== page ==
Dispatch: Voyage to the Bottom of the World -- Pendulum Cove

Antarctica Dispatch series

Travel Weekly senior editor David Cogswell departed for Santiago, Chile, Jan. 3 to begin a two-week adventure to Antarctica and the Falkland Islands, sponsored by Abercrombie & Kent. Hell be transmitting on-site reports to Travel Weeklys New Jersey headquarters on a daily basis (weather and Internet access permitting).

Though we are still a couple of thousand miles from the South Pole, it doesnt get dark anymore. The official sunset on Wednesday was 10:37 p.m., but it didnt come close to being dark. Sunrise on Thursday morning was officially at 3:18 a.m., but since the sun never strays far from the horizon the darkest it gets is like dusk.

At 7:30 p.m. the clouds vanished and the sun blazed over the ocean, changing it from gray to bright blue with sparkling white caps. It may have been the Caribbean, except for the brilliant white icebergs. Sunshine poured through the window behind the shiny grand piano in the ships Shackleton Bar, transforming the nightlife ambience into a sort of afternoon Club Med festivity. It was hard to think about sleeping -- only a few hours before 64 passengers had been swimming in the geothermal waters at Pendulum Cove.

Our ship made three landings earlier that day. At Half Moon Island we saw a penguin colony of hundreds, maybe thousands of birds perched high on a rocky hill and honking and yipping in an ongoing, varying roar. I let my video run to capture the thumping rhythmic crowd noise, which was eerily similar to the cheering roar you hear at sports events and political rallies. I had to capture the sound for evidence.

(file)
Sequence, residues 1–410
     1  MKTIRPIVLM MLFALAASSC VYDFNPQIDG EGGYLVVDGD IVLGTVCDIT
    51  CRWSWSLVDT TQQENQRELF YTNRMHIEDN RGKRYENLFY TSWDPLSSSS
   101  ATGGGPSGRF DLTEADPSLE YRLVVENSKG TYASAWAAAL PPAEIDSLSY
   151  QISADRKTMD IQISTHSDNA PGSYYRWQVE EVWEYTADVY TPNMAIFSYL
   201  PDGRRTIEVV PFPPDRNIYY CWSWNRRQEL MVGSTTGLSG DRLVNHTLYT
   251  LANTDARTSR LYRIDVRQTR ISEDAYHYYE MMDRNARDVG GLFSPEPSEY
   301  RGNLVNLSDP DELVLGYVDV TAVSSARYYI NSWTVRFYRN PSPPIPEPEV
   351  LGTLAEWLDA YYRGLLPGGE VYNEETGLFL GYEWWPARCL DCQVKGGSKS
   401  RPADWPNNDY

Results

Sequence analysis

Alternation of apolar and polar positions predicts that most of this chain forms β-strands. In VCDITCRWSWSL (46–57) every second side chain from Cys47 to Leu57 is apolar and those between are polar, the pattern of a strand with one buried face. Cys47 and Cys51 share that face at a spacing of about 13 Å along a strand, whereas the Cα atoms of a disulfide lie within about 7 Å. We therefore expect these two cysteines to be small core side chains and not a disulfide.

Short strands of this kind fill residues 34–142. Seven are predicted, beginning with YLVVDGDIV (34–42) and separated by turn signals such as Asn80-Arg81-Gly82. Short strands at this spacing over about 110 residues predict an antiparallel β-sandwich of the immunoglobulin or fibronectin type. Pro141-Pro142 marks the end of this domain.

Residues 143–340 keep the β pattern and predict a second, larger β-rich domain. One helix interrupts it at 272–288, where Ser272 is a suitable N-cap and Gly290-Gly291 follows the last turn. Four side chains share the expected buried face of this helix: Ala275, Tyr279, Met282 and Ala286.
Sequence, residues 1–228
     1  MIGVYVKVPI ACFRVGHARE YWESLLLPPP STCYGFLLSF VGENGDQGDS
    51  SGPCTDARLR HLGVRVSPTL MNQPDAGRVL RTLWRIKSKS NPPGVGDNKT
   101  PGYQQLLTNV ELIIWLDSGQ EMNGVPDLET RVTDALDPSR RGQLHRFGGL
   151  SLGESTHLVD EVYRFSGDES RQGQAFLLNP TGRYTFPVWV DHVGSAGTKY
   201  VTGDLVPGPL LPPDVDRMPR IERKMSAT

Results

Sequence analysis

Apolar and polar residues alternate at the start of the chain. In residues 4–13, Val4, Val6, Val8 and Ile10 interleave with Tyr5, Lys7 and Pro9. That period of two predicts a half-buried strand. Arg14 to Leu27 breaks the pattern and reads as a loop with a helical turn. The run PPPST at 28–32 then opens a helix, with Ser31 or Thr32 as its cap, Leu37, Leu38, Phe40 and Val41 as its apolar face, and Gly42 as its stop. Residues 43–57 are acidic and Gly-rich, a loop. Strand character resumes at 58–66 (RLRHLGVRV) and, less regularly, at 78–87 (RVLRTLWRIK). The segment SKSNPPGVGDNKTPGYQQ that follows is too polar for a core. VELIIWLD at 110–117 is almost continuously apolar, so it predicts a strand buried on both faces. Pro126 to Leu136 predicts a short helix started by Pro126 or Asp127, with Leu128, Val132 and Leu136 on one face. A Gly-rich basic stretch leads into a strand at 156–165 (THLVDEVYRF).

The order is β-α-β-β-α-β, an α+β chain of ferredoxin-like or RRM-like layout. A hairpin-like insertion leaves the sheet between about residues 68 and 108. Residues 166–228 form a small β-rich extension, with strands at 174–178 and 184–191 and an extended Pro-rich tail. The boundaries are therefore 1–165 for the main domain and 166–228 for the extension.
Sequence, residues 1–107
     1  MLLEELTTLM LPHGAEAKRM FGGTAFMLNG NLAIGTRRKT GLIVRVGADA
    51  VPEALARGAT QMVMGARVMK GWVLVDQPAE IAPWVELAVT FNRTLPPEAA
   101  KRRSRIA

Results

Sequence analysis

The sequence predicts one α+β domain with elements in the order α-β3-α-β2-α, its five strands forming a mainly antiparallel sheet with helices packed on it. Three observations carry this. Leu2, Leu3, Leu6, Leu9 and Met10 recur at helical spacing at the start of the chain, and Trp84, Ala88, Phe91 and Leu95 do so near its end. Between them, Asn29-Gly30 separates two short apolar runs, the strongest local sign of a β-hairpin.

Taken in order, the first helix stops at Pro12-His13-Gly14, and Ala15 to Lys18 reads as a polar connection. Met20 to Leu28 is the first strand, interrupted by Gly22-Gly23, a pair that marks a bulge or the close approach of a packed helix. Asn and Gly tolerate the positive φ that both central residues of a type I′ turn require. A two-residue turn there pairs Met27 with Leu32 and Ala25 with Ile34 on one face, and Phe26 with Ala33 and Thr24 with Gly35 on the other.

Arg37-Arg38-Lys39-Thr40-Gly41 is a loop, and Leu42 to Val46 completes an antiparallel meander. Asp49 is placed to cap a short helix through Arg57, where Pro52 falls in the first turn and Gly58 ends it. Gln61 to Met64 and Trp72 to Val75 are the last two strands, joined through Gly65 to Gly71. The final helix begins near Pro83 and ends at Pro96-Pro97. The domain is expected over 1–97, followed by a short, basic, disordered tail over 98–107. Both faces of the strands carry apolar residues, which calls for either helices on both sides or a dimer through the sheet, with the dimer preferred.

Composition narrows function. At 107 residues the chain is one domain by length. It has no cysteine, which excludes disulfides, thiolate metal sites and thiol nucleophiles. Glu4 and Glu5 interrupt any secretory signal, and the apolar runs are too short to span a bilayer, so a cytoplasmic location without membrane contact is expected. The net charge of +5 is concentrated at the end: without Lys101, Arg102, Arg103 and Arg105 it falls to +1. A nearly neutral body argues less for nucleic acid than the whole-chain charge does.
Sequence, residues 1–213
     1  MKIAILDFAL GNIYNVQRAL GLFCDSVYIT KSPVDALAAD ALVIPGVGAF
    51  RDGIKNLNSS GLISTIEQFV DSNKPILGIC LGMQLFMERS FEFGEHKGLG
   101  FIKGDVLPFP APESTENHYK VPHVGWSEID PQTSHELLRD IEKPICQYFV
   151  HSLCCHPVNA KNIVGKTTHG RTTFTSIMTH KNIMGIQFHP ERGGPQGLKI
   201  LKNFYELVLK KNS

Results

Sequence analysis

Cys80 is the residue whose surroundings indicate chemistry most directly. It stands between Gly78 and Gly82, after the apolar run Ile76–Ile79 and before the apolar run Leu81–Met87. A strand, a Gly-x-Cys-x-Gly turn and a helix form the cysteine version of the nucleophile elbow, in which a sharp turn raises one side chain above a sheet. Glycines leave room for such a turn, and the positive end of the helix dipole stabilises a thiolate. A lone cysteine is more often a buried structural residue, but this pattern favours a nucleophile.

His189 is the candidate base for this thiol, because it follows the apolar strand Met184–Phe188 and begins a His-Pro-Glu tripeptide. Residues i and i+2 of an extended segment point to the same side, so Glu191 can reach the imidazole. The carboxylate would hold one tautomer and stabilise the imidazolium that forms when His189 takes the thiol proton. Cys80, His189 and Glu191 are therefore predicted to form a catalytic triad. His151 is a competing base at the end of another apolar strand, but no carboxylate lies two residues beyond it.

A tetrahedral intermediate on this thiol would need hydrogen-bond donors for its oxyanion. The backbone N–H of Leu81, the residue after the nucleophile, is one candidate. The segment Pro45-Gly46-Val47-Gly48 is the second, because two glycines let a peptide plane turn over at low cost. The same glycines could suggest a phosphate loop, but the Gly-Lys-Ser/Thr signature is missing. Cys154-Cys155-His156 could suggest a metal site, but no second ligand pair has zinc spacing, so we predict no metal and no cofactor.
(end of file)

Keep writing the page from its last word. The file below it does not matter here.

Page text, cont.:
I walked over a ridge where a lake was bounded by a huge glacier. It was hard to judge the size and distance of the towering ridge because the atmosphere is so clear here things seem closer than in the real world.

A young leopard seal rolled languidly around on the snow; no one seemed to know why. One of the biologists thought he was just having a good time, or maybe it was part of the molting process. Maybe he was itchy. Another biologist wryly pointed out that animals dont read the manuals -- so their behavior cant always be explained.

Our second landing was on Deception Island, where a massive volcanic crater creates an inland sea. We sailed through Neptunes Gate, the single entrance, and rode Zodiac craft to a gravely beach where steam rose steadily from the volcanic springs beneath the surface. If you dug your boot into the gravel, steamy warm water would rise to the top.

The beach was littered with rusted metal structures from early whaling expeditions; the settlement here was abandoned after a volcanic eruption flushed everything out of the buildings with muddy water.

Later some of us went to that volcanic beach at Pendulum Cove for a swim in the steamy water. The geothermal waters were not as warm as we were hoping, but the group was keyed up and intent on breaking the record of the number of passengers who would go into the water.

Though the shallow water near the edge of the beach was about 50 degrees Fahrenheit on the surface, you could dig your hands into the gravely sand and find warmth. It was a mad, threshold-busting moment.

To contact reporter David Cogswell, send e-mail to [email protected].


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